Josh Ritter‘s Sermon on the Rocks is his most ebullient album to date. And, as implausibly as it sounds if you have seen him live, Ritter appears happier than ever while performing—so much so that his fans are becoming even more effusive. Rarely, if ever, have I seen the entire audience rise for an artist before his encore. But for Ritter’s homecoming (of sorts) show in New York they were up (but sat back down after) for “Getting Ready to Get Down”. Even as headlining the gorgeous Beacon Theatre was a triumphant achievement for Ritter, he calm his nerves, he told the audience he was pretending the show was in the tiny Mercury Lounge. But the deceit didn’t matter to the crowd. Many people sang along as Ritter and the Royal City Band performed a smattering of new tracks and old favorites over the 100-plus-minute set.
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At an American Songbook show, one should expect some backstory to the music. As Foreigner have been performing without co-founder Lou Gramm for over a decade now, the onus of sharing tidbits from the band’s history fell to Mick Jones. Jones described how the band recorded some of their songs nearby and their record label was a block or two over, above where Starbucks is now. On the other hand, Kelly Hansen, the vocalist/replacement for Gramm, shared more recent stories of the band, including an acoustic show in Europe, and ribbed Jones for forgetting to introduce him. Both were ecstatic to be playing in the Appel Room, with it’s huge windows overlooking Columbus Circle and Central Park.
The Cactus Blossoms are two brothers from Minneapolis, Jack Torrey and Page Burkum, whose rich harmonies and early country sound are reminiscent of the Everly Brothers. Their voices blend into a pastiche of nostalgia but the band incorporates modern elements into their songs and stories. Just take a listen to the lyrics for “Stoplight Kisses”, the first song off their new album You’re Dreaming. People in the audience who had seen the duo before were pleased to see the addition of upright bassist Andy Carroll and drummer Chris Hepola (left-handed they noted) to the ensemble. The Cactus Blossoms’ set included a few classic covers as well as their own material. The Bowery Presents noted, “The Cactus Blossoms dipped expertly into Hank Williams (“Your Cheatin’ Heart”), Waylon Jennings (“Only Daddy That’ll Walk the Line”) and others, but let many of their own tunes carry the night, from “A Sad Day to Be You” and “You’re Dreaming” to “Powder Blue” and “Stoplight Kisses”. But he standout may have been “Queen of Them All”, a swooning ballad that turned into a deeply felt romantic declaration with a happy ending.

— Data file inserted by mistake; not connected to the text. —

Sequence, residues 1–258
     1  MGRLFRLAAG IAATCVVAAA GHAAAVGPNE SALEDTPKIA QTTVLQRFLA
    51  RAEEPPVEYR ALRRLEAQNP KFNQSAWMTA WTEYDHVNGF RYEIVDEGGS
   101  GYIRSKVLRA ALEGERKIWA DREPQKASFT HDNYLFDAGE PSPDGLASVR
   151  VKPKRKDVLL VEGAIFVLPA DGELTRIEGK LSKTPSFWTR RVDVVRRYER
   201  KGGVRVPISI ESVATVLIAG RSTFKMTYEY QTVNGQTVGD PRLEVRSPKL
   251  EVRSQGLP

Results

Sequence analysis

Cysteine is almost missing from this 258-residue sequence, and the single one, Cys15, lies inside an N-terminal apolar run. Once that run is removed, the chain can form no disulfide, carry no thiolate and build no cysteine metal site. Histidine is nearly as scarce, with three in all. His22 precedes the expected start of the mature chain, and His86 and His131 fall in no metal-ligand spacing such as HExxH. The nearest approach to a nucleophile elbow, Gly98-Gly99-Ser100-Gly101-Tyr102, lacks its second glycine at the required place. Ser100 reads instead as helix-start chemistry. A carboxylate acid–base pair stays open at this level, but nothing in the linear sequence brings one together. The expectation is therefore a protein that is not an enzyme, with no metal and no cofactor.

One year ago, before the proper release of his biggest album yet Delilah, Anderson East played the Bowery Ballroom solo opening for Sturgill Simpson. One year and one day later, many of those passed by on the road including at least three other shows in New York City, East returned to the Bowery stage as the headliner with his full band in tow. The Nashville based artist has seen his star continue to rise and this show was sold out well in advance. And after seeing him several times before, East proved himself to be a capable and versatile headliner. Another Nashville based artist, Andrew Combs opened for East and his set was well-received by the Americana and country loving audience. Combs performed tracks off his two albums, Worried Man and All These Dreams, with the title track from the latter being a particular highlight of his set. Combs then went down to sign autographs for his newly minted fans.
Violinist Dr. L Subramaniam presented his Lakshminarayana Global Music Festival, in collaboration with the World Music Institute, in New York at the 92Y on 5 February 2016. It was a rare US performance, his first here since 2006, for the classically and traditionally trained virtuoso. The crowd at the Y was markedly different from that at a typical event—a sea of brown faces, including mine, turned up (and I believe security seemed heavier than normal inside and with at least one police officer positioned outside the venue).
L. Subramaniam was accompanied by a small group for a mesmerizing Carnatic performance that went over ninety minutes. Seated on the Dr.‘s left was his son, Ambi Subramaniam, an acclaimed violinist in his own right. To the side of the father and son were Mahesh Krishnamurthy on mridangam and Ravi Balasubramaniam slapping the ghatam (essentially a clay pot). The elder Subramaniam introduced each of his pieces, the ragas, explaining the time signatures and the key changes. The first raga was Varnam and it began with him solo, then transitioned into a violin call and response with his son before the percussion joined in. Time flew by during the performance as the rich sonics resonated in the auditorium.
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